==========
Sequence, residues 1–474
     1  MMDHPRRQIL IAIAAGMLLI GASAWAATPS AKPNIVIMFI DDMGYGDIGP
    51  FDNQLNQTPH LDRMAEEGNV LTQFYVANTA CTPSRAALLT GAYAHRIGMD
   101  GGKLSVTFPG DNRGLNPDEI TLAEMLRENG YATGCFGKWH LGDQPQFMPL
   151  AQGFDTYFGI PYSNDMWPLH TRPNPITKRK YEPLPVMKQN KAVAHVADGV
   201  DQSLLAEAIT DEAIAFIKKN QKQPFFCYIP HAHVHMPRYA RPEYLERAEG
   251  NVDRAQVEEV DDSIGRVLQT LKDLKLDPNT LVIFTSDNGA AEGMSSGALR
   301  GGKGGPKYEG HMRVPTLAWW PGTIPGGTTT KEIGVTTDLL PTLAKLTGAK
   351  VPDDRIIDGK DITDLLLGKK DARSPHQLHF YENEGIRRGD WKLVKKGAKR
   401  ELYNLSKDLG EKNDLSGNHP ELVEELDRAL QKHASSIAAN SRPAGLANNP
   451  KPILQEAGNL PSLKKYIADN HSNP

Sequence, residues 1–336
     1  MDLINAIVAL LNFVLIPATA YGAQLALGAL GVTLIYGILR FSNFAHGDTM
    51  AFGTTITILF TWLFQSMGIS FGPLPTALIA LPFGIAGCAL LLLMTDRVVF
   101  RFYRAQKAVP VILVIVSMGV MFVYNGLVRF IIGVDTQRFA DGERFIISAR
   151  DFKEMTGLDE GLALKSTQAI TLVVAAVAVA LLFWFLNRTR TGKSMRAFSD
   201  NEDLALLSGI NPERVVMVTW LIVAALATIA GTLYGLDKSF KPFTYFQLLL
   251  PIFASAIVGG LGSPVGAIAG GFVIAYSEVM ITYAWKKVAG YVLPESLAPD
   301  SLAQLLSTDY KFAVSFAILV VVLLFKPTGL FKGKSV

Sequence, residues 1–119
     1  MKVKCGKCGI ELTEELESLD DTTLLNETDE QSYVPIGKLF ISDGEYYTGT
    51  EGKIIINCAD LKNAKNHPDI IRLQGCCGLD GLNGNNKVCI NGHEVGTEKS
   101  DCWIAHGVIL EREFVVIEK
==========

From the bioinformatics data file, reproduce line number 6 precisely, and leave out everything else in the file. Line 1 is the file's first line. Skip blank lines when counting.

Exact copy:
   201  DQSLLAEAIT DEAIAFIKKN QKQPFFCYIP HAHVHMPRYA RPEYLERAEG